Petrified Forest National Park

Painted Desert at the Petrified National Forest
Photo by: Petrified Forest Ranger, Creative Commons

Ever heard about a ‘petrified forest’? It’s not straight out of a fairy tale, but a real natural wonder in the United States, most of it designated as wilderness. The Petrified Forest National Park, named after the abundant concentrations of fossilized wood in the area, is perhaps one of the most intriguing tourist attractions in the arid lands of Arizona.


Sitting between the Apache County and Navajo County in northeastern Arizona, the Petrified Forest National Park is about 30 miles long and its width varies from around 12 miles in the northern section, about 1 mile in a portion between the north and south, then expands to about 4 to 5 miles after this area. The fallen fossilized trees found in the park are said to have lived some 225 million years ago, during the Late Triassic period. Although it rests on the arid side of the country, the park’s ecosystem is not classified as a desert. Rather, it’s grassland, with different kinds of grass, lichens, and wildflowers to support the animals that call the park home.

Touring the Petrified Forest National Park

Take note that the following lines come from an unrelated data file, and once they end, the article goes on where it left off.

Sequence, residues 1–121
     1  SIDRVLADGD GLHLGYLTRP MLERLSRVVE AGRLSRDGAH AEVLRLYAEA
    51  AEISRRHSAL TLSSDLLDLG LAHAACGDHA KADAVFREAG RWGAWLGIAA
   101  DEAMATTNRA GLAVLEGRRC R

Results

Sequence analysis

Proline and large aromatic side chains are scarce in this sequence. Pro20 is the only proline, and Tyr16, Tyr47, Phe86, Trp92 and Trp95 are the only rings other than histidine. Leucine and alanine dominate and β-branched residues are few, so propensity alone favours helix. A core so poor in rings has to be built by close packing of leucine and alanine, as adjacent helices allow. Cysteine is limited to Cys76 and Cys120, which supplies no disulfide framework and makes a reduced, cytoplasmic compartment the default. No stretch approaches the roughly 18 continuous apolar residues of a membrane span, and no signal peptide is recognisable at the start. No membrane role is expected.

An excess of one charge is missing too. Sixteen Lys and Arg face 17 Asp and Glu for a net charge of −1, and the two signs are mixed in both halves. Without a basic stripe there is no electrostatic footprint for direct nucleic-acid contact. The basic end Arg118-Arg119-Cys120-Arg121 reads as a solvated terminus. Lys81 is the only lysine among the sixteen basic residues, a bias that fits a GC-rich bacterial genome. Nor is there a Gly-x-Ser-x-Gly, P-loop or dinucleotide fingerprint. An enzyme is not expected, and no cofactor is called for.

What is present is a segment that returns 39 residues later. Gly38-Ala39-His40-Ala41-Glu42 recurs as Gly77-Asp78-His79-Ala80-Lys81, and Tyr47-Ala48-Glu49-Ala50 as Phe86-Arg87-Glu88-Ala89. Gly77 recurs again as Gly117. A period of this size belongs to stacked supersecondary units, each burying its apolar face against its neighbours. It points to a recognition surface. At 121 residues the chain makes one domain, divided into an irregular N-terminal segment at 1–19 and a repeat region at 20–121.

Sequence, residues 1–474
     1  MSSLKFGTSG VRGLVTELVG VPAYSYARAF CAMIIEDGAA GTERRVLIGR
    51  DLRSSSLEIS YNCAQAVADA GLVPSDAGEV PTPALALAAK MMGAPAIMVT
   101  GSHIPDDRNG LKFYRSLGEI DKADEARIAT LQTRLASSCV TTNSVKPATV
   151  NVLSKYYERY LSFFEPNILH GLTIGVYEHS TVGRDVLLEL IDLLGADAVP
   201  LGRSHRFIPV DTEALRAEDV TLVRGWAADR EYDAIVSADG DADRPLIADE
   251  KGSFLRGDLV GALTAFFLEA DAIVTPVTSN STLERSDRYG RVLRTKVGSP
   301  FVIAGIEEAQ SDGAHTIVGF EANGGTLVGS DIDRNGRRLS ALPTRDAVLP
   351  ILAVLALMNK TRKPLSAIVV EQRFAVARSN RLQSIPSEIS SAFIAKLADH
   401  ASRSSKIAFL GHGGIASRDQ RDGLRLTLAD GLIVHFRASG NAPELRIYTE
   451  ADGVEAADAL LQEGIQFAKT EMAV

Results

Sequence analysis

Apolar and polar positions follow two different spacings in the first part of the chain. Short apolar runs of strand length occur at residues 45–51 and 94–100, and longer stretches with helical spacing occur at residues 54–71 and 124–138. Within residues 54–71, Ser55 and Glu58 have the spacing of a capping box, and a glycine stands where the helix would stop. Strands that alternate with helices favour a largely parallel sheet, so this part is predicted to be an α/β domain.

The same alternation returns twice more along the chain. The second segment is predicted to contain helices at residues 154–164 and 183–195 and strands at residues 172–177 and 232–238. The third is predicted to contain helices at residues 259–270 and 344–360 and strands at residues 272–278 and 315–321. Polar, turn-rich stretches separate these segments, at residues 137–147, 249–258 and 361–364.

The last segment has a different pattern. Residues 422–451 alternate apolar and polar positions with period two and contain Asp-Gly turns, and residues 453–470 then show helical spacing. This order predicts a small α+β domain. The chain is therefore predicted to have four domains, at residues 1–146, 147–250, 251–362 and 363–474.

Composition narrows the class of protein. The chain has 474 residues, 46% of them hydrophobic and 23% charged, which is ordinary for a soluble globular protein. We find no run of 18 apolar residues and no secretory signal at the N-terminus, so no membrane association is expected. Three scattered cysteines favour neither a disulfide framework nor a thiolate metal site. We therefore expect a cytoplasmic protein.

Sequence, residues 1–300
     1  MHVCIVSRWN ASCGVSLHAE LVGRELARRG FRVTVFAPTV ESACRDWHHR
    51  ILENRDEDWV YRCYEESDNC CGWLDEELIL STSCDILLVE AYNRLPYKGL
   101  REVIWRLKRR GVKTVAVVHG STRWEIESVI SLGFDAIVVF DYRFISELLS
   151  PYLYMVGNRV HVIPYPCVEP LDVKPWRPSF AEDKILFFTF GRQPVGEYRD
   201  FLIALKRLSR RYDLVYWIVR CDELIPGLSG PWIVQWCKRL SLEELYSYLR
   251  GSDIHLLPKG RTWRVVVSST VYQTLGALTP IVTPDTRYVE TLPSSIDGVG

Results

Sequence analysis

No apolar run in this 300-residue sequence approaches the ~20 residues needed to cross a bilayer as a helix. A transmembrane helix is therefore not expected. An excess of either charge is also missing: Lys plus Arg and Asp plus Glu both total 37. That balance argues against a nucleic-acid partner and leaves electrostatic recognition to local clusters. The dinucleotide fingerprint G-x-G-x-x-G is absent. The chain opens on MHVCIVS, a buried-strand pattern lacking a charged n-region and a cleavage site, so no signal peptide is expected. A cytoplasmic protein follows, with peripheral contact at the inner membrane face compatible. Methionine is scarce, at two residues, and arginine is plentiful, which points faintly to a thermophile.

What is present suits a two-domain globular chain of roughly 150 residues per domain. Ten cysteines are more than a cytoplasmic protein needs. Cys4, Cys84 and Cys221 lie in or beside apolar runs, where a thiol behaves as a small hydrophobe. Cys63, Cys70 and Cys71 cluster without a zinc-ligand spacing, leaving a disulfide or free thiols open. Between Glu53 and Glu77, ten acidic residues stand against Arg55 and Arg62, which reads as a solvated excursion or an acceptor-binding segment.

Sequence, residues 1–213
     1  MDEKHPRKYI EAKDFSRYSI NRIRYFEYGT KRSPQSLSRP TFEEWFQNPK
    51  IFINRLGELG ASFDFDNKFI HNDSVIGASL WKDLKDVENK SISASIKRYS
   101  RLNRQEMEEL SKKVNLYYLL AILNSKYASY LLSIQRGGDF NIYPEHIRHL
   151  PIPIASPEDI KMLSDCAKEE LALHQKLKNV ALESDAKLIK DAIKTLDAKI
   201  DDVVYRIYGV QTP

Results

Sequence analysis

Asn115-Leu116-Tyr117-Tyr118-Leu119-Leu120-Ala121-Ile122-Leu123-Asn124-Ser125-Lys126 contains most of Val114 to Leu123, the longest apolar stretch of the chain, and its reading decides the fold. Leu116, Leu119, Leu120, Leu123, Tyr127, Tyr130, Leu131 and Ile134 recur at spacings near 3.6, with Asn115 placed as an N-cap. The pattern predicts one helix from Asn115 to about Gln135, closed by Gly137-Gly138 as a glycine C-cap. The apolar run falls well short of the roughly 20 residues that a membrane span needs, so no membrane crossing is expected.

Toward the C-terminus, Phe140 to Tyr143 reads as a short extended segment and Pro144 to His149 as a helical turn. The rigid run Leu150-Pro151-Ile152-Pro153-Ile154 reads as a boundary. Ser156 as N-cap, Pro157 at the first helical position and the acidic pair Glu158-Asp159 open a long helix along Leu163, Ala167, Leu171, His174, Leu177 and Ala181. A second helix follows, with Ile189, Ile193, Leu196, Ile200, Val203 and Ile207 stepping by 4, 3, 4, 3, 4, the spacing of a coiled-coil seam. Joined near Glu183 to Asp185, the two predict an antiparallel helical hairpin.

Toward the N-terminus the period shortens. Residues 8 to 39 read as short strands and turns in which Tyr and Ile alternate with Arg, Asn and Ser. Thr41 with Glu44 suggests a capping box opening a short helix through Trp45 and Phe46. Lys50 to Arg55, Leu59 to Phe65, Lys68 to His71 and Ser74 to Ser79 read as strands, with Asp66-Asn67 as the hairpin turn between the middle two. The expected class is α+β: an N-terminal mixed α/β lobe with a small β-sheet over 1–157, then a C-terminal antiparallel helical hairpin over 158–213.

The park’s names alone instantly draws attention, but forget about those fairy tale visions; let the real, natural wonders of the park amaze you. Aside from colorful petrified wood, the park is also home to another equally impressive landmark, the Painted Desert. There is also a wide collection of fossilized animals in the park, leading many scientists to interestingly call the place a “living laboratory.”

If you have an interest for natural wonders, the Petrified Forest National Park is not to be missed. The park can be reached by car from any of the nearest major airports in Arizona, Phoenix, and Albuquerque in New Mexico. Although there are no overnight lodgings or campgrounds in the park, there are some spots for visitors and tourists, such as the Rainbow Forest Museum, the Painted Desert Visitor Center, and the Painted Desert Inn (now a bookstore and historic museum).

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